It’s not an easy relationship though, Edward wants to be involved in this case every step of the way. There’s a great deal of tension and falling out and getting to know each other. The two of them are such a contrast, Julien being the still, calm, thoughtful character and Edward the opposite, the kind of person who doesn’t have time to stop and think - he needs to get out and get things done. That conflict is exciting to watch throughout the series.

Who is Genevieve and what does Jessica Raine bring to her character?
Harry: Jessica Raine appears in episode three in an important role going forward for Baptiste. She is as we’ve never seen her before, with a very different look and gives an amazing performance as a complicated Europol officer. You’re trying to lean in and figure out what’s going on with her, and what in her backstory might explain her behavior.

Jack: Genevieve is a very tough and brittle character, and those are difficult to play as they can push people away. You need someone who can show you what’s going on underneath and where this determination and brittleness is coming from, and Jessica does it brilliantly.

What is Genevieve’s relationship like with Baptiste?
Harry: Baptiste and Genevieve don’t have the easiest relationship - she’s a much harder, colder person than he is. Or so it seems at first. She questions Julien’s presence and what he’s doing there as he doesn’t work for the Dutch police. He’s an obstruction to her getting what she wants. They’re both good at what they do but they do things differently.

Talk us through the locations.
Jack: The series is set in Amsterdam. We shot quite a large amount in northern Belgium which has a lot in common with the Netherlands and parts of it look very similar. There’s also a small amount shot in the UK. In terms of what’s on screen, the whole thing plays out in Amsterdam or just around it, it’s very contained.

Amsterdam is a complicated city and is known for the red light distract. It seems very benign and there’s a pretence that everything is fine, but you peel back the layers and not everything is as simple as it seems, which is very important for the show - you need to watch behind the surface of every character and location. In that respect, Amsterdam is the perfect metaphor for the show.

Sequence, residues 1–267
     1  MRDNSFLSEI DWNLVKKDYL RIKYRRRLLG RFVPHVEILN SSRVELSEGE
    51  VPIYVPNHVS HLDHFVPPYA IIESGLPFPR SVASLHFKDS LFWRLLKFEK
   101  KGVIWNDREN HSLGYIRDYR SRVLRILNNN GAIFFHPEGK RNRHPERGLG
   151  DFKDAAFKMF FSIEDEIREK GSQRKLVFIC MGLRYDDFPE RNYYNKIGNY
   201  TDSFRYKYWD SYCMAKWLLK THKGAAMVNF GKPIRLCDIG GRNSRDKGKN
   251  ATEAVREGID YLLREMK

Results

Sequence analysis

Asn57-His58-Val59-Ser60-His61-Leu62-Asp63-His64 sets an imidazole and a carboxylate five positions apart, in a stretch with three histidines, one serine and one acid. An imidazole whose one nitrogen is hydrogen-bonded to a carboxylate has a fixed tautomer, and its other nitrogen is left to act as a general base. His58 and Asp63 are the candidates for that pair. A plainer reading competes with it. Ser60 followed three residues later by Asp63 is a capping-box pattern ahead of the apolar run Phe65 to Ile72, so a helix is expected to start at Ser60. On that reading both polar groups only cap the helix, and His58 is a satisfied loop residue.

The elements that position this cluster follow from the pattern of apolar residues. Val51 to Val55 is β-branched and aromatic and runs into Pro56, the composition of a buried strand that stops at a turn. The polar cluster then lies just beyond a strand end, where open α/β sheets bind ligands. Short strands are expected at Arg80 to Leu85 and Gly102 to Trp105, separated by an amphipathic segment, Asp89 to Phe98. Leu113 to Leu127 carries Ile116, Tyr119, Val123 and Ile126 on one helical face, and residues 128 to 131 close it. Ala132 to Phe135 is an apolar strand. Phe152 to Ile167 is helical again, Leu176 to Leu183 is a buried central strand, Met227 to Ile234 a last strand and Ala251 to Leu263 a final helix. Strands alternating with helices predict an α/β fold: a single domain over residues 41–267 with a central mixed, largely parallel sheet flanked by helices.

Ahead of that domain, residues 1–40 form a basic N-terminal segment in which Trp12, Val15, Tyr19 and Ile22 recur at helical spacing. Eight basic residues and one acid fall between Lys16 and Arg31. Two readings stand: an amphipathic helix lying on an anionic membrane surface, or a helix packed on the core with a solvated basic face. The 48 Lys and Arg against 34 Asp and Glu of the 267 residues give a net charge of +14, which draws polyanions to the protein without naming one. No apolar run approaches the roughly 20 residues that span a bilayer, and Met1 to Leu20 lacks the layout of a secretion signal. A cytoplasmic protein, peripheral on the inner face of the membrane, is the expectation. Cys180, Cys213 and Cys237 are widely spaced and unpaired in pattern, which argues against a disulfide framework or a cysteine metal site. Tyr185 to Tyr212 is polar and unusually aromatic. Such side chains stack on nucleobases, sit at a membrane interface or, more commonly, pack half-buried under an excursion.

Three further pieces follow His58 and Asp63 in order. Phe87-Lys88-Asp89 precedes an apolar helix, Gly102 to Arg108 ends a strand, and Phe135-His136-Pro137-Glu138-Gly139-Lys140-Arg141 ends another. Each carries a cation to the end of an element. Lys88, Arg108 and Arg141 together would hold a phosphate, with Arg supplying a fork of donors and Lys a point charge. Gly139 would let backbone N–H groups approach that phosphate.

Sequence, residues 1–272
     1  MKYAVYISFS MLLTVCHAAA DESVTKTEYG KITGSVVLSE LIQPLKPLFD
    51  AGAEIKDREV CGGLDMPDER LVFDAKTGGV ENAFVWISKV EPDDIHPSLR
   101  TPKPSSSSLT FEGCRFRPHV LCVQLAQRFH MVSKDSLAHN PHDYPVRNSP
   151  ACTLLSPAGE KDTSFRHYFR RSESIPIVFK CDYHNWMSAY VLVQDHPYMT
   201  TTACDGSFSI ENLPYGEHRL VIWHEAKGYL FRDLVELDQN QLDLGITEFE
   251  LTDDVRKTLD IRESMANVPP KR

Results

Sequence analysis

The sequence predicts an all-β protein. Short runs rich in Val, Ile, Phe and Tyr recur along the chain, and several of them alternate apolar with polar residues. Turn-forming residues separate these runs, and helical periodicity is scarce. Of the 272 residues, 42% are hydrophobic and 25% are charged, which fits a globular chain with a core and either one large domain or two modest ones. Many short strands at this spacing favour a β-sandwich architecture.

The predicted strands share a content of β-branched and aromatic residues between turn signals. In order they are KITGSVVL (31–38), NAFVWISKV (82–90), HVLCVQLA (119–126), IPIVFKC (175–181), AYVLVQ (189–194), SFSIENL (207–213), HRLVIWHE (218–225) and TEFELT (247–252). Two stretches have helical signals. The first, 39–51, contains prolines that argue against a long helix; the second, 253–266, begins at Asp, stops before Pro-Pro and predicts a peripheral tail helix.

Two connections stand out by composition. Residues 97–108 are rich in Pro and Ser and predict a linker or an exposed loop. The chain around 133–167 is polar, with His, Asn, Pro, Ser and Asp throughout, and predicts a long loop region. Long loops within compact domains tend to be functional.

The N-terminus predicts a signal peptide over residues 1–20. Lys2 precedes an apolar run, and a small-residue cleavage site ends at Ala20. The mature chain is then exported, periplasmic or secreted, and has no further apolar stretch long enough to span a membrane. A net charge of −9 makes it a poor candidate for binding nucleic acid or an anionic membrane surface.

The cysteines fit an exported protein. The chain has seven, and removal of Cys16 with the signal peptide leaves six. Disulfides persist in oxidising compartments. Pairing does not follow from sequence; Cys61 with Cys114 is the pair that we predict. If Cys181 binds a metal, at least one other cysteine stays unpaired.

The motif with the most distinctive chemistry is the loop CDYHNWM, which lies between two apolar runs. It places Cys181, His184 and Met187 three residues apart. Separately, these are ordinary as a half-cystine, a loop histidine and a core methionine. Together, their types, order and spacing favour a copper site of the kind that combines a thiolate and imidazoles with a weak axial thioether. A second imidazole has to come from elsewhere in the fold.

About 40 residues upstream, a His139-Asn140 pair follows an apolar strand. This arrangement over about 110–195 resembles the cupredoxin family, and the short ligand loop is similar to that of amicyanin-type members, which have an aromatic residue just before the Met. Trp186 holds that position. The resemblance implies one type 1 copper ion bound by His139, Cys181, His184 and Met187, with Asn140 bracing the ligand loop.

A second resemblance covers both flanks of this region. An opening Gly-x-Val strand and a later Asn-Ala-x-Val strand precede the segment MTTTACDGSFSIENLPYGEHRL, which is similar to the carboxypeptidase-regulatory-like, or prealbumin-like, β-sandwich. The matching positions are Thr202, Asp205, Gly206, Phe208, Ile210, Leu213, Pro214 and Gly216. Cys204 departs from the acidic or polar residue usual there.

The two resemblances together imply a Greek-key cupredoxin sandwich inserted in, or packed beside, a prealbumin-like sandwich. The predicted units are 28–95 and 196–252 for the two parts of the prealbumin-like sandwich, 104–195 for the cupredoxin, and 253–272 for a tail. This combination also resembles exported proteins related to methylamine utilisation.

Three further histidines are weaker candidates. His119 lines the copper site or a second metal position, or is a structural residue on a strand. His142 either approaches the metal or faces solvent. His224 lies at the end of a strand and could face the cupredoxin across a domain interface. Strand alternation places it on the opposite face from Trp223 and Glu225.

Tell us about the director of the first block.
Harry: We found Borkur Sigthorsson through one of his short films which was breathtaking - and he had also worked on shows such as Trapped. The way he directs is very alive and naturalistic, whilst getting the thriller element across as well. It’s very rare that you watch a show as it comes in and it exceeds expectation of what you’ve written on the page, but in Borkur’s case it does routinely, which is a joy to behold.

Jack: Most directors are good at one or two things, but Borkur can do everything. He’s great with the characters, humanity and emotion but also brilliant with the tension. Borkur keeps you on the edge of your seat. There’s a sort of breathless quality that he manages to sustain throughout the narrative.

What three words would you use to describe Baptiste?
Both: Tense, Intriguing, Surprising.

Why should people tune in to watch Baptiste?
Jack: People should watch Baptiste because although it has all the elements of a detective show, it goes beyond that very quickly. It’s a twisting surprising thriller with a big emotional centre that isn’t afraid to tackle big themes, and in the centre of it all we have Julien Baptiste up against the biggest challenge of his storied career. The relationship between Tcheky and Tom is phenomenal and the acting across the board is a joy to watch.